Re-Politicising the Kyoto School as Philosophy
Edited by Christopher Goto-Jones
Routledge – 2008
Routledge – 2008
In Re-Politicising the Kyoto School as Philosophy Christopher Goto-Jones contends that existing approaches to the controversial Kyoto School fail to take it seriously as a school of philosophy, instead focussing on historical debates about the alleged complicity of the School’s members with the imperialist regime in Japan.
The essays in this book take a new approach to the subject, engaging substantially with the philosophical texts of members of the Kyoto School, and demonstrating that the school developed serious and sophisticated positions on many of the perennial questions that lie at the heart of political philosophy. These positions are innovative and fresh, and are of value to political philosophy today, as well as to intellectual historians of Japan. In particular, the book is structured around the various ways in which we might locate the Kyoto School in mainstream traditions of political thought, and the insights offered by the School about the core concepts in political philosophy. In this way the book re-politicises the Kyoto School.
With chapters written by many leading scholars in the field, and representing a contribution to political thought as well as the intellectual history of Japan, this book will appeal to students and scholars of Japanese studies, philosophy and political thought.
Preface, James W. Heisig; The Kyoto School and the History of Political Philosophy: Reconsidering the Methodological Dominance of the Cambridge School, Chris Goto-Jones; Turns to and from Political Philosophy: The Case of Nishitani Keiji, Bret W. Davis; The Individual and Individualism in Nishida and Tanabe, Matteo Cestari; Constituting Aesthetic/Moral National Space – The Kyoto School and the Place of Nation, Yumiko Iida; Time, Everydayness and the Specter of Fascism: Tosaka Jun and Philosophy’s New Vocation, Harry D. Harootunian; What was the ‘Japanese Philosophy of History’? An Inquiry into the Dynamics of the ‘World-Historical Standpoint’ of the Kyoto School, Christian Uhl; Romanticism, Conservatism and the Kyoto School of Philosophy, Kevin M. Doak; The Definite Internationalism of the Kyoto School: Changing Attitudes in the Contemporary Academy, Graham Parkes; Resistance to Conclusion: Kyoto School Philosophy under the Pax Americana, Naoki Sakai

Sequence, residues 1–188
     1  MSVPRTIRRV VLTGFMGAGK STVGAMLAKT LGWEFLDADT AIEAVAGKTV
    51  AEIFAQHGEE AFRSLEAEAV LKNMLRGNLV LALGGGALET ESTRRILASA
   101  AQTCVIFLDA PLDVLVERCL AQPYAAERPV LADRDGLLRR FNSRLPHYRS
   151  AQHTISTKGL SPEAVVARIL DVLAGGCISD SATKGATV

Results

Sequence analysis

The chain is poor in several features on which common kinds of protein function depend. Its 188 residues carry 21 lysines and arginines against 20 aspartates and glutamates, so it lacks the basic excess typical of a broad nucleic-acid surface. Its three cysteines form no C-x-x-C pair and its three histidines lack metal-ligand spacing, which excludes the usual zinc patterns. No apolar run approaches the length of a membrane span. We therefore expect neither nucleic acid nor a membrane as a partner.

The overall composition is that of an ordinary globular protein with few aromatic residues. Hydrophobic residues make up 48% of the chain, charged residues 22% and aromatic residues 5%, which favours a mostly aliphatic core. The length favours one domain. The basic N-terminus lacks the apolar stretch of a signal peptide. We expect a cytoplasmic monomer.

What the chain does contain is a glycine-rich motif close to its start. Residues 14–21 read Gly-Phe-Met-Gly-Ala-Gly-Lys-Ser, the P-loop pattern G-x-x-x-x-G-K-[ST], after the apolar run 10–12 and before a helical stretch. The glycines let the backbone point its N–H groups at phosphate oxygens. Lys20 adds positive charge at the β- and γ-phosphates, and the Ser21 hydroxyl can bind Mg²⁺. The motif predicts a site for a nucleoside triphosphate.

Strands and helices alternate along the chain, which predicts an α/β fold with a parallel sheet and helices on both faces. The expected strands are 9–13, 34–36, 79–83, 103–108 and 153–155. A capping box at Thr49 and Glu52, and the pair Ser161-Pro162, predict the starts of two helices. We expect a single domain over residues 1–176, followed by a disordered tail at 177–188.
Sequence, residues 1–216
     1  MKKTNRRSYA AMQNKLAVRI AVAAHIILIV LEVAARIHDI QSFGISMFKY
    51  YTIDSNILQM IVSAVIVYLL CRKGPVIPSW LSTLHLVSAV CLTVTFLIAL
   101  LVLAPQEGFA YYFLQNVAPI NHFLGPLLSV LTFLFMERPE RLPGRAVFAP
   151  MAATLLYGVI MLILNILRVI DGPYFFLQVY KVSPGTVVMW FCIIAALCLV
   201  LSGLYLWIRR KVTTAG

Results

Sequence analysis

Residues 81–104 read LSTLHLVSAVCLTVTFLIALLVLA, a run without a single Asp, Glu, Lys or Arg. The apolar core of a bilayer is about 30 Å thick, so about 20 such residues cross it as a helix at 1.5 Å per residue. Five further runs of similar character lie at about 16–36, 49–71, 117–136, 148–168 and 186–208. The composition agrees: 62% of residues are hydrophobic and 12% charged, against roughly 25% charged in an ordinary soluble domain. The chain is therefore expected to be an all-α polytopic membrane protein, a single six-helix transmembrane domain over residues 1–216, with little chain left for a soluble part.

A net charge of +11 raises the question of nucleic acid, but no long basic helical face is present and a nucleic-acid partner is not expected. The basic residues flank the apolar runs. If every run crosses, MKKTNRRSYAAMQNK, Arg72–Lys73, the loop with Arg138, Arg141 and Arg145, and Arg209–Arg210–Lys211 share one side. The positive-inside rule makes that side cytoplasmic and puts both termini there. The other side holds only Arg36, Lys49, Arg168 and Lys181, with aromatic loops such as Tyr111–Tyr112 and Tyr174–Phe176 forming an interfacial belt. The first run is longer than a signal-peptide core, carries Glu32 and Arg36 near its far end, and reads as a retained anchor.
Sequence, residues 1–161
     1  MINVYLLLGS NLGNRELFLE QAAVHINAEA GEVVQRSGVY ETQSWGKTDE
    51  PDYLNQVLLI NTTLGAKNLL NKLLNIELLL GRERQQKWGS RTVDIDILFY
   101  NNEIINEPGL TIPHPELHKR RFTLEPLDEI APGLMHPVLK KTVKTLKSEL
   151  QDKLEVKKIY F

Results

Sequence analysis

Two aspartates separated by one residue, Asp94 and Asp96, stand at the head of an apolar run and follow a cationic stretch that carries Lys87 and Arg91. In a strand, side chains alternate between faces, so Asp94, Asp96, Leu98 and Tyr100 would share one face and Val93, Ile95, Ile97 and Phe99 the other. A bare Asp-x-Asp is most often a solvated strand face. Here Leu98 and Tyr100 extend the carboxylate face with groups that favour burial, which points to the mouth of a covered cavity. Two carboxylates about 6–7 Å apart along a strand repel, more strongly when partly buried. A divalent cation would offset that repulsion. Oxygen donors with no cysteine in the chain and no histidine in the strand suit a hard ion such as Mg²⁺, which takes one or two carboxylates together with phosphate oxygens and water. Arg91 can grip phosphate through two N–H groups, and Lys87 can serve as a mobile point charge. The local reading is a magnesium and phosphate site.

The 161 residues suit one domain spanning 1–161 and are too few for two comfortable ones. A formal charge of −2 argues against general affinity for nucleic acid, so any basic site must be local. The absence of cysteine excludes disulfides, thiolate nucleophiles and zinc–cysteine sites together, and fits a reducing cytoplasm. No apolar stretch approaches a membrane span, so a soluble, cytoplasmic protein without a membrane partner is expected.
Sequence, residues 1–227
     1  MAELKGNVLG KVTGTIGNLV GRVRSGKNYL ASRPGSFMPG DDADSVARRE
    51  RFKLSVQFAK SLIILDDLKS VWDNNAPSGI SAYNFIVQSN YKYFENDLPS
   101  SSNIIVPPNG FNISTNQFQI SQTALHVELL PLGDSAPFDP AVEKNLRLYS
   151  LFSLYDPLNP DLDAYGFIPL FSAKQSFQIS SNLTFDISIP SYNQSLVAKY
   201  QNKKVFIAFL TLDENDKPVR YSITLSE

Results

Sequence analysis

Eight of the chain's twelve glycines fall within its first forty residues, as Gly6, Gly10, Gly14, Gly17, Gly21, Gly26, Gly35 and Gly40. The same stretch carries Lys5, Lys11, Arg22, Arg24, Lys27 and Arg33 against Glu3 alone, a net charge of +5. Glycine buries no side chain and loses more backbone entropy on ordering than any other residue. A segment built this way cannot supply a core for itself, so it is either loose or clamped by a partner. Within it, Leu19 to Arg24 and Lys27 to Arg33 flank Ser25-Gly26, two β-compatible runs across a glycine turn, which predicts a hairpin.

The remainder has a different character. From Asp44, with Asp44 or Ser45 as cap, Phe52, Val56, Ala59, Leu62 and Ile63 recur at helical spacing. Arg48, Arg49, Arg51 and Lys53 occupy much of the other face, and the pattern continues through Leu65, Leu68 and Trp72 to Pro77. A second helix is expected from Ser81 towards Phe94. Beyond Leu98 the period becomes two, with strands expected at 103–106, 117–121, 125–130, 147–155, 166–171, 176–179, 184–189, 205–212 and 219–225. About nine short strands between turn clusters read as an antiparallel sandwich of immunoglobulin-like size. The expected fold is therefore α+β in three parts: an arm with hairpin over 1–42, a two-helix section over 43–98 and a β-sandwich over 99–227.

Christopher Goto-Jones is Professor of Modern Japan Studies and director of the Modern East Asia Research Centre at Leiden University. He has written widely on issues of the location of the non-European in political thought and philosophy, and is the author of Political Philosophy in Japan: Nishida, the Kyoto School and Co-Prosperity (Routledge, 2005).